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Vol. 86. Issue 2.
Pages 199-201 (April - June 2021)
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Vol. 86. Issue 2.
Pages 199-201 (April - June 2021)
Scientific letter
DOI: 10.1016/j.rgmxen.2020.05.008
Open Access
Median arcuate ligament syndrome as a rare cause of chronic abdominal pain
Síndrome de ligamento arcuato medio como causa poco frecuente de dolor abdominal crónico
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M. Zambrano-Lara, M. Gonzalez-Urquijo, G. Lozano-Balderas, M. Rodarte-Shade, M.A. Fabiani
Corresponding author
alefabiani@gmail.com

Corresponding author at: Dr. Ignacio Morones Prieto O 3000, Monterrey, 64710, Mexico. Tel.: +8119779899.
Tecnológico de Monterrey, Escuela de Medicina y Ciencias de la Salud, Monterrey, Nuevo León, Mexico
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A 66-year-old man had a surgical history of laparoscopic fundoplication in 1995 and laparoscopic cholecystectomy in 1996. He arrived at the emergency department due to predominantly moderate, sharp, pulsating pain in the epigastrium that was associated with food intake, and to nausea, vomiting, change in bowel movement pattern, and general malaise. The patient stated he had presented with the same pain over a 20-year period, for which he was studied on numerous occasions by different gastroenterologists, undergoing endoscopy procedures and tomography exams (the latest two years prior) but not resulting in an accurate diagnosis. Physical examination showed normal vital signs and a murmur in the epigastric region, with no signs of peritoneal irritation. A contrast-enhanced computed tomography angiogram identified a reduction in the caliber of the origin of the short segment of the celiac trunk, with upward angulation of almost the entire celiac trunk, caused by the median arcuate ligament (Fig. 1A and B). A Doppler ultrasound was then carried out that showed a systolic velocity of 582cm/s during expiration (normal value: below 350cm/s), as well as a difference in the flow velocity during inspiration. Endovascular cannulation of the celiac trunk through the humeral artery was initially performed by the vascular surgery service, identifying important angulation of the celiac trunk (Fig. 2A). Afterwards, a laparoscopic procedure was performed at the general surgery service, finding fibrosis and adhesions at the level of the pillars of the diaphragm. Dissection was carried out until the celiac trunk was identified, which was found to be extrinsically compressed by the median arcuate ligament (Fig. 2B). The celiac trunk was freed, revealing its trifurcation, and its correct release from compression and flow improvement were corroborated by angiography. The patient was discharged on the second postoperative day, tolerating oral diet, experiencing no pain, and with 50% symptom improvement. At postoperative follow-up at one month, 2 months, and 9 months, the patient had 100% symptom improvement, stating that he was asymptomatic.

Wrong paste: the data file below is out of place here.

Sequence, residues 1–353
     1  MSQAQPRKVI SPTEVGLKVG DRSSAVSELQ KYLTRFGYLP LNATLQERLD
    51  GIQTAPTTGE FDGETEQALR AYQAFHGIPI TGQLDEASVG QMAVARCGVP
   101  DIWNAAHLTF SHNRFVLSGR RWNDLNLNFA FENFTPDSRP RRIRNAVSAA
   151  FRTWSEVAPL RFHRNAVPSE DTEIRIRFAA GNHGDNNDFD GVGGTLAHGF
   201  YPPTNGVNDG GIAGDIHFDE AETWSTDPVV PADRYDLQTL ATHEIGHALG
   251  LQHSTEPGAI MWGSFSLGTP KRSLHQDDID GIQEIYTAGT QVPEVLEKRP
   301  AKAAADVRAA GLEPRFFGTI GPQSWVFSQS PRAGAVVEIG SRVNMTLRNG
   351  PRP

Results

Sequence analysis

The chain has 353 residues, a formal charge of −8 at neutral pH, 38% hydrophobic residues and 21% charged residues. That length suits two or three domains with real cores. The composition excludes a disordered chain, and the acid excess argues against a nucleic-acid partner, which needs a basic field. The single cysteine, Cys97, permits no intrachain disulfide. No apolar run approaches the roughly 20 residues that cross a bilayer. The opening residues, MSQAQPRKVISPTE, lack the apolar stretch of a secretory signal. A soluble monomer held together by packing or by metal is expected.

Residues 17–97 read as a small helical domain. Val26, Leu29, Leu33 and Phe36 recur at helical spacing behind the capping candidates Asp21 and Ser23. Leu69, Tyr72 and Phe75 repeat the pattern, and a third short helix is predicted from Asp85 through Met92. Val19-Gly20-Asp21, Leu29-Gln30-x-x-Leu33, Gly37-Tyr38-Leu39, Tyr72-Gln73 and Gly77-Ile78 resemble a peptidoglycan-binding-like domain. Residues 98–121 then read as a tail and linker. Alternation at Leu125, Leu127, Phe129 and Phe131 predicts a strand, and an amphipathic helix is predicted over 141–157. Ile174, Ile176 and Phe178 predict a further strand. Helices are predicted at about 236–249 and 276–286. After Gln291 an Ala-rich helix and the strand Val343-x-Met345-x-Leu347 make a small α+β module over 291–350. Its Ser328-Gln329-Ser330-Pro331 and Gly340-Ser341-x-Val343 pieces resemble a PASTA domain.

Figure 1.

Sagittal reconstruction of the abdominal CT angiogram in the arterial phase, showing a reduction in the caliber of the origin of the short segment of the celiac trunk, with its upward angulation. The yellow arrow indicates the celiac trunk, the green arrow the superior mesenteric artery, and the blue arrow the aorta. The angulation of the celiac trunk can be seen inside the circle at the level of the calcification. A) Sagittal view, B) Reconstruction.

(0.11MB).
Figure 2.

A) Angiogram showing the celiac trunk with upward angulation; B) Laparoscopic view of the extrinsic compression of the celiac trunk by the median arcuate ligament.

(0.11MB).